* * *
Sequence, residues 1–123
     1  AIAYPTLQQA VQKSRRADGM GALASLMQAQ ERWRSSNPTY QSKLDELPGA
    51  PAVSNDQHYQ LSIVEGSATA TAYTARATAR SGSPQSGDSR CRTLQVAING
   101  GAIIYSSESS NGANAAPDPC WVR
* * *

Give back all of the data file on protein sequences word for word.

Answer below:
Sequence, residues 1–123
     1  AIAYPTLQQA VQKSRRADGM GALASLMQAQ ERWRSSNPTY QSKLDELPGA
    51  PAVSNDQHYQ LSIVEGSATA TAYTARATAR SGSPQSGDSR CRTLQVAING
   101  GAIIYSSESS NGANAAPDPC WVR